Vintage Pulp Aug 18 2023
FINGERING THE ACCUSED
*sigh* That was really unpleasant. I don't know why, but I always assumed it was just a euphemism.

This cover for Raymond Chandler's 1960 story collection Fingerman was painted by an uncredited artist, but once again we're thinking it's Sandro Symeoni on the brush. 1958 to 1960 was when he was working extensively with Ace Books, and this illustration is very much in his style, as we've discussed here and here. The book consists of four offerings: the stories “Finger Man,” which was first published in Black Mask in October 1934, “The King in Yellow,” from the March 1938 issue of Dime Detective Magazine, and “Pearls Are a Nuisance,” also from Dime Detective Magazine, coming in April 1939. The last piece is a Chandler essay titled, “The Simple Art of Murder.” A couple of the aforementioned tales also appeared in Five Sinister Characters. All the stories are good, but we talked about “The King in Yellow” in a bit more detail a while back, so if you're interested feel free to check here

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Vintage Pulp Dec 11 2022
SOME TIME TO KILL
On the first day of murder, my true love gave to me...


The 42 days of Roger Torrey's 42 Days for Murder refers to the six weeks that someone needed to be resident in Nevada to qualify for a divorce, which we think is kind of clever title-wise. The story deals with a rich man's wife who runs away to Reno to dissolve her marriage but goes incommunicado after she arrives. The husband hires a detective named Shean Connell to track down his wife so that he can at least talk to her before she ditches him. Finding her is not much of a problem for Connell. Arranging for his client to talk to her is another deal entirely. As the story unfolds, it turns out there's a reason for her reluctance to chat. A very good reason, actually, which Connell figures out only at the cost of considerable mayhem, two deadly shootouts, and a veritable pile of corpses.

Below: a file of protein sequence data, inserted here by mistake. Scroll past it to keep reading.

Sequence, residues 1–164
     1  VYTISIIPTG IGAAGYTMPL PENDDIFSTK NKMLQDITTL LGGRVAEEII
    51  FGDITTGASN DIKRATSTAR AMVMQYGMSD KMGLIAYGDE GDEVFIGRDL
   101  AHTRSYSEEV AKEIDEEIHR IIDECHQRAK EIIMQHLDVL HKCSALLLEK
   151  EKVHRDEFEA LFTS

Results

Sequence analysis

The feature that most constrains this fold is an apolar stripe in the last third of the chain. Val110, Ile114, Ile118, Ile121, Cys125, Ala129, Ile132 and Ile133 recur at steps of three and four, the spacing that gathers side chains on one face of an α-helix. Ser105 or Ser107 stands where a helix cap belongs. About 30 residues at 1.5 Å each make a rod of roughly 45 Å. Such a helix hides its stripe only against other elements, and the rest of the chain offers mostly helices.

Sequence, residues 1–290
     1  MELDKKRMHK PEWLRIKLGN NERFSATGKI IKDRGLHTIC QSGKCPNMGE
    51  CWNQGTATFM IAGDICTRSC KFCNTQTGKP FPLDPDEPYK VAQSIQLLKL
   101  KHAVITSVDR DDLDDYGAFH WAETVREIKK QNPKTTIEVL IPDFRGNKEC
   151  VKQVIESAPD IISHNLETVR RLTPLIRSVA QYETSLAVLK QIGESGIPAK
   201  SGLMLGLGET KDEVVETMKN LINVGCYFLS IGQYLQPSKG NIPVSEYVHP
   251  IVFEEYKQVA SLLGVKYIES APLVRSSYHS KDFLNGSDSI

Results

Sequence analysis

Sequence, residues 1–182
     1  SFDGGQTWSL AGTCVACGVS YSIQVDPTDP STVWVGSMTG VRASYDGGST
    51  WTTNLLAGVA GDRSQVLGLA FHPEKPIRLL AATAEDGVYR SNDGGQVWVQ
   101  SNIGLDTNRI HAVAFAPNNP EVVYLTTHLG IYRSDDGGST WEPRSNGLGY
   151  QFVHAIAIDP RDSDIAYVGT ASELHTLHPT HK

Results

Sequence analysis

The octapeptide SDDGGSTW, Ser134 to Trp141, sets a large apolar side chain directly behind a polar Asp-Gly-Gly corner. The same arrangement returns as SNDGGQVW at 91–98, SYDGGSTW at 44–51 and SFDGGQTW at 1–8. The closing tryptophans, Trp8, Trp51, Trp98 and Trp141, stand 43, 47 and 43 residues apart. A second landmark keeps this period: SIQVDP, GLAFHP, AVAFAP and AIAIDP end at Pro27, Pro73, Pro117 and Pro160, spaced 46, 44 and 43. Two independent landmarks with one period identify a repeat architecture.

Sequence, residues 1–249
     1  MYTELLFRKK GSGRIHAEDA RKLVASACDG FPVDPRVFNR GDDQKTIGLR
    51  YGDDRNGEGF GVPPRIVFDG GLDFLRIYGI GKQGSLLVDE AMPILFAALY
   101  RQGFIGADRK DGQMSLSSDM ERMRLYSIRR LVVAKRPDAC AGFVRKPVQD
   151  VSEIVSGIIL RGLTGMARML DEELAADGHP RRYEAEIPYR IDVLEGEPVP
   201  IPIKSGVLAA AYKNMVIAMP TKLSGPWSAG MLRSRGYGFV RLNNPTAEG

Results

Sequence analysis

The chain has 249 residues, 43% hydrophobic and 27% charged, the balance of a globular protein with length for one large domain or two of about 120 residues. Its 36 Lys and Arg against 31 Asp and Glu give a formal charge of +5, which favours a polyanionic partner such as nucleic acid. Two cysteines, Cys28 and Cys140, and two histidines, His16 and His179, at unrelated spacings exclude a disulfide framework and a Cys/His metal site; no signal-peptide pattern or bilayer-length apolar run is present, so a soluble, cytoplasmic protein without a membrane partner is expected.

The book was originally published in 1938, but this Hillman edition featuring a photo cover came in 1949. Torrey was an experienced writer, having produced stories for the pulp magazine Black Mask, and here he shows a deft hand with a unique idea that we can't even hint at without spoiling the book. Flaws include dialogue that sometimes stretches past the point of usefulness or interest—Torrey could have cut the book by twenty pages easily, if not thirty—but it remains a fun ride tearing around 1930's Reno with Connell, who's not only a shamus but an ace piano player. He's the best part of the novel, though he's unusually cynical about women. Too bad 42 Days for Murder was Torrey's only book. It's not perfect, but it's one to catch if you can.

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Vintage Pulp Oct 2 2018
BATHROOM BREAK